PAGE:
Ballot measures could affect state spending and revenue levels

How ballot measures would affect revenue

How ballot measures could have significant effect on how public services are funded.

Passage of several of the dozen measures on Oregon’s Nov. 4 ballot could have significant effect on how public services are funded by the state, according to information compiled by Jock Mills, director of OSU’s Government Relations Office, in consultation with the Legislative Revenue Office.

How Measures 57, 59 and 61 might affect Oregon State University and the Oregon University System is impossible to tell at this point because decisions about where to cut budgets or offset revenue reductions will not be made until the Legislature meets next year.

Ballot Measures 57 and 61 would mandate prison terms and other sanctions for those who commit property crimes.

Ballot Measure 59 would reduce revenues available to the state by increasing tax deductions.

On the accompanying graphic, the “Essential Budget Level” is the amount of state spending needed to deliver the same level of service provided in the current biennium.

Current forecasts project an EBL deficit of $500 million even if none of the measures are approved by voters. If Measure 57 passes, the deficit could increase to $700 million. If Measure 61 is adopted by voters, the deficit could grow to $800 million.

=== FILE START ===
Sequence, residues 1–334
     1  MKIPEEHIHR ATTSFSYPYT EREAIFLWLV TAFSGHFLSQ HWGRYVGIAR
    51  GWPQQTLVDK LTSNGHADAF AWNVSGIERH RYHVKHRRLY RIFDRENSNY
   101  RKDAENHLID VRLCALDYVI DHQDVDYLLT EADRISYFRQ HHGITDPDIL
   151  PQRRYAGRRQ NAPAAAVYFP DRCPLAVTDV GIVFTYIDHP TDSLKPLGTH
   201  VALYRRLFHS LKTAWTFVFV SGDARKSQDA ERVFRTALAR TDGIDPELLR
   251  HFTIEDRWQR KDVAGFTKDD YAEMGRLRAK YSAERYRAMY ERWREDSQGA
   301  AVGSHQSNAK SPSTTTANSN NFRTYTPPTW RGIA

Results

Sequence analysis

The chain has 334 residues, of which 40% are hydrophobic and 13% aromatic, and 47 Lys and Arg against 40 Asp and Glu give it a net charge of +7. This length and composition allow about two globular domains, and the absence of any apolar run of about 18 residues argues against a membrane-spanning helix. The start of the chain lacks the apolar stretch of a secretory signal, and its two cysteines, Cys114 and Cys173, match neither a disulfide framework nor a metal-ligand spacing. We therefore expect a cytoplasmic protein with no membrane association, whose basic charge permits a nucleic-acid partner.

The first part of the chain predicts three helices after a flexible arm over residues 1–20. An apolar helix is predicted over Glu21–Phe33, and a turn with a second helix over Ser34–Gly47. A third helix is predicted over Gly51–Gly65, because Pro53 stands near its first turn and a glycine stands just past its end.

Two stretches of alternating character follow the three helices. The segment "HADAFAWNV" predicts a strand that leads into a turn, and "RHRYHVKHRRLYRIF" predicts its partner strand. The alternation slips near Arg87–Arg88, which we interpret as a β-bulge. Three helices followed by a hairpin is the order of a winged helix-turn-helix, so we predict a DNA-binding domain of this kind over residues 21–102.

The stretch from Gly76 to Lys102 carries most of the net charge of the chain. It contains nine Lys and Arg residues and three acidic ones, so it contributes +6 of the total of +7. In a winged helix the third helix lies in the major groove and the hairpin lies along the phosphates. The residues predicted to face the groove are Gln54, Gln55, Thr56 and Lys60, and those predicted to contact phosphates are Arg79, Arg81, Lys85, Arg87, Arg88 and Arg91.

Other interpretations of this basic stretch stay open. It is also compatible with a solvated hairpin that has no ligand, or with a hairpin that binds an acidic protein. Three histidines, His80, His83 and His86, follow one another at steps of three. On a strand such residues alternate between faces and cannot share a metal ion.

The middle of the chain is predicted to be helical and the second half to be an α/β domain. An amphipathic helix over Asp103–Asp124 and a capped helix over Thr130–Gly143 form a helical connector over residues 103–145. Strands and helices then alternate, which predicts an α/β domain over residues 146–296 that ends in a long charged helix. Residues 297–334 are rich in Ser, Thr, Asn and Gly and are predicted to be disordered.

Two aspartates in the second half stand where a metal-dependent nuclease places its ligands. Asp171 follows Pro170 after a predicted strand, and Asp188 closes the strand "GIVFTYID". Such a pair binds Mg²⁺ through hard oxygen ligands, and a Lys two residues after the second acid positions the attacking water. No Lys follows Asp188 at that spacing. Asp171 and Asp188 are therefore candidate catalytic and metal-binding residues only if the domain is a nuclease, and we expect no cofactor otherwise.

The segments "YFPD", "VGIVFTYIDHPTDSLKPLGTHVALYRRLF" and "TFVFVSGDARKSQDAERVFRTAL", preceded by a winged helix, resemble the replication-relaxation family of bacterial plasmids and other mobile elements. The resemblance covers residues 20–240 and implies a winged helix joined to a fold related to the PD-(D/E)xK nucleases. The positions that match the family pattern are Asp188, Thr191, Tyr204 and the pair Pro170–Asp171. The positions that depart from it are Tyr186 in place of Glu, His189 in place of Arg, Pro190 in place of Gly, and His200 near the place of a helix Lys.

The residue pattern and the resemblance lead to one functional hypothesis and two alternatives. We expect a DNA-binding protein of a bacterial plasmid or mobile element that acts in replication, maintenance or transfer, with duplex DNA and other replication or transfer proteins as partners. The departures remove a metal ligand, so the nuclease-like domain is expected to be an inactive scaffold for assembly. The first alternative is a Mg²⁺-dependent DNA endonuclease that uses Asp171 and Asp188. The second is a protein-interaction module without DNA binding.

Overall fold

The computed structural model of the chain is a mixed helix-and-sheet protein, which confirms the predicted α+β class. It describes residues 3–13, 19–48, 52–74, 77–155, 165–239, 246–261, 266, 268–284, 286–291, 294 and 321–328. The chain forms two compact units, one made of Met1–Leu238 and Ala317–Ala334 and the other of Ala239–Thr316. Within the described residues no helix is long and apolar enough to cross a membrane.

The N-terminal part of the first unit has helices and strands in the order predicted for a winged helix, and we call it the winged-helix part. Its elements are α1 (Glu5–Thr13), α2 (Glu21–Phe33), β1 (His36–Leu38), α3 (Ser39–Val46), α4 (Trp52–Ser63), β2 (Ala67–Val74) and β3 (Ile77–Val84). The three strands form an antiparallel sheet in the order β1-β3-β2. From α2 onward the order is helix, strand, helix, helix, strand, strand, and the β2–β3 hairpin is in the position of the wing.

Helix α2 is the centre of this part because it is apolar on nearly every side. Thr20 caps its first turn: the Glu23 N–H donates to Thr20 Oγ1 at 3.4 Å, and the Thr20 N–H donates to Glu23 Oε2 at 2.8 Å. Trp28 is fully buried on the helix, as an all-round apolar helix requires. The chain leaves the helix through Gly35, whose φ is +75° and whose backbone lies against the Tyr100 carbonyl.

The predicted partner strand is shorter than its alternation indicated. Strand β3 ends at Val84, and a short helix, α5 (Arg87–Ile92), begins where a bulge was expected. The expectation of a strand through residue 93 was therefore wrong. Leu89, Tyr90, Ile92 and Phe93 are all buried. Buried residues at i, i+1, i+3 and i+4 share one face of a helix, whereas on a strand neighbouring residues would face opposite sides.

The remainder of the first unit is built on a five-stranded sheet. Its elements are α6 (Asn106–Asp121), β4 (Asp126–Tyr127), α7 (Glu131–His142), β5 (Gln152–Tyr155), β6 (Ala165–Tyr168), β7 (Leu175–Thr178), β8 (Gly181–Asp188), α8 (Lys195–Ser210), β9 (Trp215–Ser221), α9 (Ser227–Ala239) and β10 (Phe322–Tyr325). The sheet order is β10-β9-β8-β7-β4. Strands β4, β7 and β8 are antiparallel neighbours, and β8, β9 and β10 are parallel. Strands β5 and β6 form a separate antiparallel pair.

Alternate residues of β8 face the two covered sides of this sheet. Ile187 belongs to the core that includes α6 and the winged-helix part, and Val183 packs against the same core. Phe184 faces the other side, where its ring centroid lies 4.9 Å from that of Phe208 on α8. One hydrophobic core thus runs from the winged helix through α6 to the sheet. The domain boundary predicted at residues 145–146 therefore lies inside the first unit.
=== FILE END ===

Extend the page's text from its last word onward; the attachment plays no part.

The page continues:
And if Measure 59 also passes, the deficit would increase to nearly $2 billion.

Even if the ballot measures do not pass, the deficit for next biennium could increase, if revenues continue to fall.  The next revenue forecast will be in late November/early December.  It is also possible that the first two months of the 2009 legislative session could be spent balancing the budget for the remaining six months of the current biennium due to declining revenues.

The graph shows how both expenditures and revenues will be affected by two ballot measures that would mandate expenditures and by one ballot measure that would decrease revenues.

Reductions in services would increase in future biennia when both measures are fully implemented.

Both Measures 57 and 61 would mandate sentences for property crimes.  Measure 57 would require substance abuse treatment instead of prison for some first time offenders.

Measure 61, sponsored by Kevin Mannix, is estimated to cost $249 million next biennium. Measure 57, referred to voters by the Legislature, and would cost $152 million in the first two years.

As provided by the Legislature, if  both measures pass in November, the measure that receives more votes will take effect.  This has caused a number of those who oppose all mandatory sentences to urge support for Measure 57 and opposition to Measure 61, Mills said.  Some contend a ‘no’ vote on 57 amounts to a ‘yes’ vote on 61 because voting ‘no’ on 57 will make it less likely to receive more votes than Measure 61.  For the same reason, proponents of Measure 61 are also urging voters to oppose Measure 57.

~ by Ed Curtin

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